This book will be -- in my mind -- so indissolubly linked with Signed With Their Honour (reviewed above) -- that it is...



This book will be -- in my mind -- so indissolubly linked with Signed With Their Honour (reviewed above) -- that it is difficult to report them separately. Where one book takes the reader into the very spirit of the fliers, the other does the same for the men manning a destroyer on patrol duty. Both crystallize their own segments of this war unlike all other wars so inescapably that they become reality and not fiction:- these things must have happened so..East of Farewell does what Lightship did in making the reader learn to know intimately the officers, their backgrounds, the events that molded them and brought them down to the present. Howard Hunt does it more succintly; it is not his major story, as it was in Lightship. Here is an impelling picture of the battle of the Atlantic, ""not a kid glove ocean these days"" -- of the deadly monotony strained by the underlying tenseness none would acknowledge. One gets the sense of slow motion progress, of the virtually unspoken fear that oil will give out and leave them stranded, of the resentment at feeling cut off by imposed radio silence, by the loss of the part of the convoy and the other destroyers, by the failure of the guard to contact them as they approach their goal, of the grim sense of responsibility towards the merchantmen they are escorting. The days are broken by incidents -- the sighting of an abandoned ship's raft, and all it implies; the necessity of breaking radio silence by notifying Washington of their plight; the danger of being forced to signal one of the merchantmen to douse their running lights -- and always the watch for lurking subs. Then the torpedoing -- three merchantmen lost in quick succession, and the battle between destroyer and submarine, ending in victory. One of the most significant scenes is near the end, when the rules of the sea impel the men to make all shipshape, get haircuts, shaves, and get into uniforms as they approach what stands for civilization again. Hard-biting, tough-spoken, realistic -- but so intensely human and alive that it is never crude and crass. A book for men chiefly.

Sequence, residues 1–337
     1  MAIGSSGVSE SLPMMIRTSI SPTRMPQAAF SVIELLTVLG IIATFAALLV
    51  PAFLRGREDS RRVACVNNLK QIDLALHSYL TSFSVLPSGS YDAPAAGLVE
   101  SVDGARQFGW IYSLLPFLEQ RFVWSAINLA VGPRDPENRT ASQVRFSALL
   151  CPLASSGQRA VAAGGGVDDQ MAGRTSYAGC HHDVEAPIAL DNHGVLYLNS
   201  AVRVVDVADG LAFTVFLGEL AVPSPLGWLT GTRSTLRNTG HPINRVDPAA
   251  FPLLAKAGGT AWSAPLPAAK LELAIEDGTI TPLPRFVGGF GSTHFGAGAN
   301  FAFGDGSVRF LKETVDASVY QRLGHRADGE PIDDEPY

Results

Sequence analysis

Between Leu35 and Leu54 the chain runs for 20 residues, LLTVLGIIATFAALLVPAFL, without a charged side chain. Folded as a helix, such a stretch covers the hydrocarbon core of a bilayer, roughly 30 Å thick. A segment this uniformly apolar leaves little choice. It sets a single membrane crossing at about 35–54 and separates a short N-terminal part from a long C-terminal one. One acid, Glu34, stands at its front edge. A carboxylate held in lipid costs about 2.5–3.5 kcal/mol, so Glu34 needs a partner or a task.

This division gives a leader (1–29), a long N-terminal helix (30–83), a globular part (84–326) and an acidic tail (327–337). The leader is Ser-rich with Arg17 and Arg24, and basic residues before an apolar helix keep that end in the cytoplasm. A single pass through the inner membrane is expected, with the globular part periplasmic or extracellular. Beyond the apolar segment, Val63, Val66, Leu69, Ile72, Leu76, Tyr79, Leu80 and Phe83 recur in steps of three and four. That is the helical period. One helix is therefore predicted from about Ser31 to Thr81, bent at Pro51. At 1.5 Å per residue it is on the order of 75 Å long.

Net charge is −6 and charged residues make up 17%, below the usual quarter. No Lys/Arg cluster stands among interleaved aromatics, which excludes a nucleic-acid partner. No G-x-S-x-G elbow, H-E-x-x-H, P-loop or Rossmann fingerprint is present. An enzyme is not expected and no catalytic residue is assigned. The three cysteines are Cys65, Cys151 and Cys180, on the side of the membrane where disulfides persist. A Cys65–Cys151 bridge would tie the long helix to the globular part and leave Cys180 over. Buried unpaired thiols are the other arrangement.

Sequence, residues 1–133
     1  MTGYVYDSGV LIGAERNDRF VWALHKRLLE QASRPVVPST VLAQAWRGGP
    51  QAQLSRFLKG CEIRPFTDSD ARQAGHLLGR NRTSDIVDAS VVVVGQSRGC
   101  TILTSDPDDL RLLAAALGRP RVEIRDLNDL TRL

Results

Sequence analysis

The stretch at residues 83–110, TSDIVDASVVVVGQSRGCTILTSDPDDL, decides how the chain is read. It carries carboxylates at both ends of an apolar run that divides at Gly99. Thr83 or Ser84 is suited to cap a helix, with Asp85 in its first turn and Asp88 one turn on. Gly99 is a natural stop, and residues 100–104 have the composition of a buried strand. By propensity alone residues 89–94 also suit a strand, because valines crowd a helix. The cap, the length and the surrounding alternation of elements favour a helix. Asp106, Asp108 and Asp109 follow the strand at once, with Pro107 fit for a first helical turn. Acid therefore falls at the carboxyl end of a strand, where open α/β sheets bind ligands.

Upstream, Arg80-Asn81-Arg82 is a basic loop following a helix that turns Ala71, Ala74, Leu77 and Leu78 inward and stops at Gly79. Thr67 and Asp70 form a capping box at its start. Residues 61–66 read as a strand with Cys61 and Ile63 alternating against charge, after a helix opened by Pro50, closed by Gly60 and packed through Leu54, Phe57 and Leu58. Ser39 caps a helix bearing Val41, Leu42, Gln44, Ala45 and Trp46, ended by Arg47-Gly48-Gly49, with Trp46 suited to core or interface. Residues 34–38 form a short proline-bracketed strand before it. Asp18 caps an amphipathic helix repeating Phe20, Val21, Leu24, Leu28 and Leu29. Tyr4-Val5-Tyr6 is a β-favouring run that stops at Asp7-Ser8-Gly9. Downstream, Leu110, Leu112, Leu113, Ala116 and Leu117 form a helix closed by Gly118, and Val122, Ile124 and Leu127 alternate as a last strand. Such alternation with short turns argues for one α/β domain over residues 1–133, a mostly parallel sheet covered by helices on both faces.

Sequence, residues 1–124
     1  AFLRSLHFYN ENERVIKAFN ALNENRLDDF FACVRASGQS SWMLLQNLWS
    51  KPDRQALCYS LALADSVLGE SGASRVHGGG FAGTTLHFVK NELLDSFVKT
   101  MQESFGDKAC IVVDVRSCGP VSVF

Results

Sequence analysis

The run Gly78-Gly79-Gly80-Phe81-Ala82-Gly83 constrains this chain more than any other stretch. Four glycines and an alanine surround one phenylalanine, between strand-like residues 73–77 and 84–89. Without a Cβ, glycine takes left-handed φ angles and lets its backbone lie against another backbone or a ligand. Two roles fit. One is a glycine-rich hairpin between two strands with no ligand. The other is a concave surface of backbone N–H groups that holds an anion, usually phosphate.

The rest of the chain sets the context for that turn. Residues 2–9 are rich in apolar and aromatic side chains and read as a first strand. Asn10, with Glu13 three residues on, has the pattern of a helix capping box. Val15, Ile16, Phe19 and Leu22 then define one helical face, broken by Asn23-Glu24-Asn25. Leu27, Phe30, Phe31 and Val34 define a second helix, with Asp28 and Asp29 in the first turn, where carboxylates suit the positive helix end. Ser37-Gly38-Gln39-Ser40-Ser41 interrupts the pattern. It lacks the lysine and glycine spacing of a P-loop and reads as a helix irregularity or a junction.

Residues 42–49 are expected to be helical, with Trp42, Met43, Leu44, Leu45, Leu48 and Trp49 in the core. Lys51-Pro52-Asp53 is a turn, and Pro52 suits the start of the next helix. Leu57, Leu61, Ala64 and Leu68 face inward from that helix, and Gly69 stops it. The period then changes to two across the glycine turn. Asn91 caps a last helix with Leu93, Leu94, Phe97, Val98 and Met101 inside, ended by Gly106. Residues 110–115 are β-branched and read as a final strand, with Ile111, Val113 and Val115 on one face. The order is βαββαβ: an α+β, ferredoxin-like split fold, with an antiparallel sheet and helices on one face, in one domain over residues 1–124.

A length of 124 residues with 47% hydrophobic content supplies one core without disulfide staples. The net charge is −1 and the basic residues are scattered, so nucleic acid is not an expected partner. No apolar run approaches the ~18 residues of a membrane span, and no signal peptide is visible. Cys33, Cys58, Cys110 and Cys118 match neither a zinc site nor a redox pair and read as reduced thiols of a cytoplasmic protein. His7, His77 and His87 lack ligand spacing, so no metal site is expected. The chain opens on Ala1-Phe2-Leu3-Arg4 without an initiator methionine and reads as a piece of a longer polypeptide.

Pub Date: Sept. 21, 1942


Page Count: -

Publisher: Knopf

Review Posted Online: N/A

Kirkus Reviews Issue: Sept. 1, 1942